Critic Daniel Kimmel complains about an “utterly moronic twist that comes out of left field and makes a hash out of much of what we have already had to endure;” Wesley Morris calls the film a “fraud” that doesn’t make an “iota of sense,” and notes that “what happens in the final minutes is narratively dumb -- and psychosexually ridiculous,” and Roger Ebert, who seldom seems worried enough about revealing the limits of his perceptions, complains about the “physically, logically and dramatically impossible” twist, which one can drive a “truck” through (punning on the fact that the “killer,” who apparently does not really exist save as a creation of the heroine’s fragmented personality, drives a truck that is apparently real). Brian Buzz Juergens gets the prize for the harshest rejection of the film’s central point, though:
I won’t speak in any detail about the final twist, but it stings like a
slap in the face. Take a step back, and it’s puzzling. Take another step
back, and it’s just stupid. Take another, and it’s actually quite offensive.
It’s bad enough to effectively ruin everything that comes before it, so I
feel that I at least have to mention it here, even without any details. If
M. Night Shyamalan’s movies piss you off, you haven’t seen anything – and
his twists actually make sense.
Well, so does the twist in High Tension, Buzz. If you paid attention to the significance of the fact that the heroine is masturbating as the killer approaches the house, say, you might actually have been less surprised by it. Even if the film doesn’t survive on the level of coherent narrative – fares even worse than Fight Club or Identity, which play similar tricks on us – there’s no reason why coherent narrative should be more important than the articulation of an idea. I mean, isn’t the watching of films intimately tied to the pursuit of meaning? Isn’t that what film is supposed to do, to stimulate our emotions and desires, so we can observe and think about them, and perhaps learn something about ourselves? Why are so many of the people who write about film so stupid, then? Why does an idea as obvious and as uncomplicated as the one behind High Tension seem to catch so many viewers unprepared?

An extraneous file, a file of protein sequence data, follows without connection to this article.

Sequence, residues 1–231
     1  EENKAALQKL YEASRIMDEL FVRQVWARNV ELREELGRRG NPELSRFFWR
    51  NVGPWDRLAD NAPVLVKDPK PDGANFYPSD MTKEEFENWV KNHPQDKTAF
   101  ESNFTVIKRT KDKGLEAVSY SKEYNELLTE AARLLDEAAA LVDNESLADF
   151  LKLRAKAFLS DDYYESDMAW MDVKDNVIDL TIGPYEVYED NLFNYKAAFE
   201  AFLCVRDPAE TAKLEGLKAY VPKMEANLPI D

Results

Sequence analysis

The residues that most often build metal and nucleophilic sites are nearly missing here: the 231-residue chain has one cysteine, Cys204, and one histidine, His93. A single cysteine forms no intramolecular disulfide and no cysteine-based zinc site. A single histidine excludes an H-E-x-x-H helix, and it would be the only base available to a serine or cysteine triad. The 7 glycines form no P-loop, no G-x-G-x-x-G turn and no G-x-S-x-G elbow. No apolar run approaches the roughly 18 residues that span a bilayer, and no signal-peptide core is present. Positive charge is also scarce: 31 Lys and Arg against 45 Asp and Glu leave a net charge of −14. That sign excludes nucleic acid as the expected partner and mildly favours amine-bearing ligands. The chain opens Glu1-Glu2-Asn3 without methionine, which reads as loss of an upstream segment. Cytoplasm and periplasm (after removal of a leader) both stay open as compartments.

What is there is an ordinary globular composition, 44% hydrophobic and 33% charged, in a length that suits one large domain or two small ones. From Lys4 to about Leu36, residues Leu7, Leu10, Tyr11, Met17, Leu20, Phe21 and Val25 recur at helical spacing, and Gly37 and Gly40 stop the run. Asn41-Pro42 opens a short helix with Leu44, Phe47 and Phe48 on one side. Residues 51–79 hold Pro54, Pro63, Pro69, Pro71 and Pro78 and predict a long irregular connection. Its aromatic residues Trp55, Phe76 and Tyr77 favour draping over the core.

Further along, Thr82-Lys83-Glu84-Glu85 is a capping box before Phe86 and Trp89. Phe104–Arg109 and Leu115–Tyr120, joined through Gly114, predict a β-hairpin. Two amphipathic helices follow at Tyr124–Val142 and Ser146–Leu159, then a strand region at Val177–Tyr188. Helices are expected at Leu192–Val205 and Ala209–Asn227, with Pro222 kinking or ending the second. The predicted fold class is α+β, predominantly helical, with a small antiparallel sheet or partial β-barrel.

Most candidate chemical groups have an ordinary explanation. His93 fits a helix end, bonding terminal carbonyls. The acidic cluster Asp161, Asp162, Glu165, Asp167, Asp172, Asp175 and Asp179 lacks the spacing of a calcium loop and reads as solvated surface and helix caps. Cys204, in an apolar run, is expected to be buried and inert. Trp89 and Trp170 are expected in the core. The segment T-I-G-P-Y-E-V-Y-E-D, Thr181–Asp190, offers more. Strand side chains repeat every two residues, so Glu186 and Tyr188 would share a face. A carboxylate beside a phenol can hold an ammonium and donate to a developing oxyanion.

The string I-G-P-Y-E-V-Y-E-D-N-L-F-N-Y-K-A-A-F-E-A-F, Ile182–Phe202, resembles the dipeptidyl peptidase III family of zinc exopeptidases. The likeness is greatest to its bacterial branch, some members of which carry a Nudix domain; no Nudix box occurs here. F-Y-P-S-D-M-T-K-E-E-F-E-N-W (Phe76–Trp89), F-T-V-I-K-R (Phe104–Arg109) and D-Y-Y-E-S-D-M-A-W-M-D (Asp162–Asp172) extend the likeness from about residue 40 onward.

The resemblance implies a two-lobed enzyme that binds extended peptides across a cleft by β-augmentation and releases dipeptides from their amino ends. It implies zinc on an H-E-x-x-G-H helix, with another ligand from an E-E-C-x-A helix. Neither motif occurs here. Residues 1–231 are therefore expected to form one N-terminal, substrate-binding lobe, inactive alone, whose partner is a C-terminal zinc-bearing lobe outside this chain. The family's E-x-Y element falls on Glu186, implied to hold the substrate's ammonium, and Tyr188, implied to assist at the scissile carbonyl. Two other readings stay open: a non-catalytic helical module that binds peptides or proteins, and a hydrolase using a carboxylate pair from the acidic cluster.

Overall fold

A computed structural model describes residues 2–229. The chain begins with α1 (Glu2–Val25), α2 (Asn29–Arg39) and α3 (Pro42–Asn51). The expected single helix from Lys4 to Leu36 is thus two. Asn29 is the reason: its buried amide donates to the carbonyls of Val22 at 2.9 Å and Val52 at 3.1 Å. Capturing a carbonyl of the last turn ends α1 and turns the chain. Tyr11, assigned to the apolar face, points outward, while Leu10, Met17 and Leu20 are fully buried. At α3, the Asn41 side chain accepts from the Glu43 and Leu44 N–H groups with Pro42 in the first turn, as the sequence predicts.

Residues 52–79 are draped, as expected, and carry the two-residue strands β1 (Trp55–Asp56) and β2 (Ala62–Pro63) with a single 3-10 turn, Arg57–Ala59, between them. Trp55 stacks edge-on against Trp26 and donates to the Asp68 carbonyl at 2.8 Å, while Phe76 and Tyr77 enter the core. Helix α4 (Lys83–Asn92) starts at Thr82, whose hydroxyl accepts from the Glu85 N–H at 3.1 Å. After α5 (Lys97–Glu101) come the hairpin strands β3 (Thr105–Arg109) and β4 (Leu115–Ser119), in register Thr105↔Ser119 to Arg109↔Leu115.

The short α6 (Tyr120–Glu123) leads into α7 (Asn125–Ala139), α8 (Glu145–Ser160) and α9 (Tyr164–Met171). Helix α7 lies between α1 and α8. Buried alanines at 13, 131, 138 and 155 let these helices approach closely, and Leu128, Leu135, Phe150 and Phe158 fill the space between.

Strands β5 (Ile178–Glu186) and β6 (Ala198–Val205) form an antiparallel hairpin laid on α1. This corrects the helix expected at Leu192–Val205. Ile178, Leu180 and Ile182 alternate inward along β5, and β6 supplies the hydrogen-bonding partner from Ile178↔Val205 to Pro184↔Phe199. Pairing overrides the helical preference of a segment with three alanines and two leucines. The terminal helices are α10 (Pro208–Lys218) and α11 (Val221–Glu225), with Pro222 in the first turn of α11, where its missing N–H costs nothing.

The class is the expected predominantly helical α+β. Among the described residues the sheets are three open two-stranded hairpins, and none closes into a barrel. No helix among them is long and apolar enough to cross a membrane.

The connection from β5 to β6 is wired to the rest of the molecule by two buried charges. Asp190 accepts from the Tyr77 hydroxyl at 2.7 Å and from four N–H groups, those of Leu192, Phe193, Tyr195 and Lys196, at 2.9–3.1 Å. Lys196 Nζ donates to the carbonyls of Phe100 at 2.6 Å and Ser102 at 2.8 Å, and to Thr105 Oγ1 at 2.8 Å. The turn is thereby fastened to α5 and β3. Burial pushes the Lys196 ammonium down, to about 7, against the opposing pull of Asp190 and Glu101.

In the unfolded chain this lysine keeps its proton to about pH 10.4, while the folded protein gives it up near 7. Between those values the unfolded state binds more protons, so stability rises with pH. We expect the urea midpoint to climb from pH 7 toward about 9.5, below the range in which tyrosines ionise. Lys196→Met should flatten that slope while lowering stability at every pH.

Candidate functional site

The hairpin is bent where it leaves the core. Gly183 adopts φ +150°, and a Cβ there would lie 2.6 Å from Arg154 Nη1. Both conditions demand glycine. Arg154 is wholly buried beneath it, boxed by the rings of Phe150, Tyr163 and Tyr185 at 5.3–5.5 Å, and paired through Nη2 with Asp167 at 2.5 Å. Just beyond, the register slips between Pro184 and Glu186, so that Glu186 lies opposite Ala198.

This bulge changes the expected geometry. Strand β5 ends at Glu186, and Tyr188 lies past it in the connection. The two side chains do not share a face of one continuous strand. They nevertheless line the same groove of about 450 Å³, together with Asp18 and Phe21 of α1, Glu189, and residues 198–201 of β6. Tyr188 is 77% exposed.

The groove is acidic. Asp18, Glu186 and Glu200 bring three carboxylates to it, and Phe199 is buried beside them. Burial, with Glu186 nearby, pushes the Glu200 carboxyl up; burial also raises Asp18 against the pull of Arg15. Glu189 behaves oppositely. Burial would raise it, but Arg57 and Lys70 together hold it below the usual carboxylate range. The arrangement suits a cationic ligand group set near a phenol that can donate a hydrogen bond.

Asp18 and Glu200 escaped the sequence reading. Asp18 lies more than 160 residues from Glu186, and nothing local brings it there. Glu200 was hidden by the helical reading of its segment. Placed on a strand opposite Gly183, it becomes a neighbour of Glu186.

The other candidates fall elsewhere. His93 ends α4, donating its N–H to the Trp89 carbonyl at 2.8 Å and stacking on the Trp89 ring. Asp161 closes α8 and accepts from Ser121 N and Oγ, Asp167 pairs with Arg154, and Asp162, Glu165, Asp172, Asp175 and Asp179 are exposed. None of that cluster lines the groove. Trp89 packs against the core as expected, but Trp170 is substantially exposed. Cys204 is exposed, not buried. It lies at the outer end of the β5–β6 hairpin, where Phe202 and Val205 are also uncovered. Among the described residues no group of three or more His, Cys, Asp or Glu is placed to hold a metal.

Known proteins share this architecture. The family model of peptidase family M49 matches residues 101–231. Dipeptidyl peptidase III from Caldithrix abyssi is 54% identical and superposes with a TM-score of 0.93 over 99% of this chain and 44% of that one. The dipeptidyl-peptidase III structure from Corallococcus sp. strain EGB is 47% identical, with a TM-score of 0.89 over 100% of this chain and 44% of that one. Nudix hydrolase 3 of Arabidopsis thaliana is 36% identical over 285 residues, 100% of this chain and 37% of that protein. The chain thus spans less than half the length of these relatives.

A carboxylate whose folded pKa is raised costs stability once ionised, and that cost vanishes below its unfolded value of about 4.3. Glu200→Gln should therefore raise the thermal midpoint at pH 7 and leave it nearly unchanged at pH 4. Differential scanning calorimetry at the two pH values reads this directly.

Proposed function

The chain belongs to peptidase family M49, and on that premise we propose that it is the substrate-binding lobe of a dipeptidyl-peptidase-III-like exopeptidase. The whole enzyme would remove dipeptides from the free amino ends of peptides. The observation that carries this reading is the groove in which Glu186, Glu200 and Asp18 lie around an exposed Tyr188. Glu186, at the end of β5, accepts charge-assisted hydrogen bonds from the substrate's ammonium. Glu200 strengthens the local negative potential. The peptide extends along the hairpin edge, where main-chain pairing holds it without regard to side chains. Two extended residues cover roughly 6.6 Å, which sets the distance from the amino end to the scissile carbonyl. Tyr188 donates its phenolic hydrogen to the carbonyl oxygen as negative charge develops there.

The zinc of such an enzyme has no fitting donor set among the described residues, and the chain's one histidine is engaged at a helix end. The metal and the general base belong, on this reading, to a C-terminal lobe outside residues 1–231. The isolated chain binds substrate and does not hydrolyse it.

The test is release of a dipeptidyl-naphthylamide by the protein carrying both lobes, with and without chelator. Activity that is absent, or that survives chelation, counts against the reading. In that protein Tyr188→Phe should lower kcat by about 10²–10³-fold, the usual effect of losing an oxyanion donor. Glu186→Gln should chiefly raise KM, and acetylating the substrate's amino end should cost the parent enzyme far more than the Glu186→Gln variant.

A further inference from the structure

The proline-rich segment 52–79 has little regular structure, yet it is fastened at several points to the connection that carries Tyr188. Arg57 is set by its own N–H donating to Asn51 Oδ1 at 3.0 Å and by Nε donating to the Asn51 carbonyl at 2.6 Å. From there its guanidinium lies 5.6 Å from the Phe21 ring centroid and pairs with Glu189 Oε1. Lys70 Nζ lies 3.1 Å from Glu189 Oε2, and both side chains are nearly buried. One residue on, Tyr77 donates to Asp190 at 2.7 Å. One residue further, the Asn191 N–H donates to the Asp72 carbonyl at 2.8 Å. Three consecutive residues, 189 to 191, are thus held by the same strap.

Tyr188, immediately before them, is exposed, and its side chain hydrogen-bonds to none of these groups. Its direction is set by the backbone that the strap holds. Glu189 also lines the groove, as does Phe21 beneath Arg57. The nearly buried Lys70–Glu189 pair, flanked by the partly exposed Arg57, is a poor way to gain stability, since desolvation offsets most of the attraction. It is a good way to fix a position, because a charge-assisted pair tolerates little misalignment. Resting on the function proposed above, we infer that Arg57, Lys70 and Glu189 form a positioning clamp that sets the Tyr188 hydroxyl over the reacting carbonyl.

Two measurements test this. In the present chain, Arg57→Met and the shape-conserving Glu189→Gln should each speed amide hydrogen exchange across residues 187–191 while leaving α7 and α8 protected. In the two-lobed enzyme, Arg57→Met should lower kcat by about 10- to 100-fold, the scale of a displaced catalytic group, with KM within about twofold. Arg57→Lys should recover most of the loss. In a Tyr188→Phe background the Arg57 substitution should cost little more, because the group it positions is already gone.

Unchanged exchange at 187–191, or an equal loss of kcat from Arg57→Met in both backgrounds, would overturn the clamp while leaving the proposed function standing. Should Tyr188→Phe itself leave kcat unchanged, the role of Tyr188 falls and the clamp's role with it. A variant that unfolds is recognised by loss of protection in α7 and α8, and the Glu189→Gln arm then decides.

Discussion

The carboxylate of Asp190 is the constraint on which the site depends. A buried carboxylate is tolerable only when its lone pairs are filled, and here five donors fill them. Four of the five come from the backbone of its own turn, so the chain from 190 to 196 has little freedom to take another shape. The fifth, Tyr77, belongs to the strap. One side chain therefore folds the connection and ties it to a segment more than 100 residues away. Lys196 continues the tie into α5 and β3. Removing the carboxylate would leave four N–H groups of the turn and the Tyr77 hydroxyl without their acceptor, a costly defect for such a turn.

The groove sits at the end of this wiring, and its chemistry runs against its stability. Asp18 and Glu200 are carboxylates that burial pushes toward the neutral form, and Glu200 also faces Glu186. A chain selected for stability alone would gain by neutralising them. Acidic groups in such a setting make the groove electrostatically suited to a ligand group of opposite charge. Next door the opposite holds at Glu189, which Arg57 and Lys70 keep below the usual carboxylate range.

Anyhow, while it’s far from essential viewing, the film seems like a reasonably harmless invitation to enjoy a horror film and think about it, too, which is actually quite close to my idea of a good time at the cinema; it’s a passably entertaining way to spend an evening. I’m sure Carol J. Clover would be passably amused by it and could productively include discussion of it in an updated version of Men, Women, and Chainsaws. It belongs on the lowbrow edge of the “genre” that has been ironically dubbed New French Extremity (art films with lots of gore, brutal violence, and/or sex in them – the films of Gaspar Noe being the best known other example of this style of filmmaking). The DVD, somewhat amusingly, has three different versions of the film on it: the first is partially dubbed, but (if I’m getting this right – it’s a little complicated) uncensored; the second is completely dubbed and partially censored; the third is subtitled and uncensored. Pretty ridiculous. I've yet to check to see which of the three is the default -- it'll be a handy litmus test to determine just how dumb (or how smart) the people at Lions Gate think their audience is.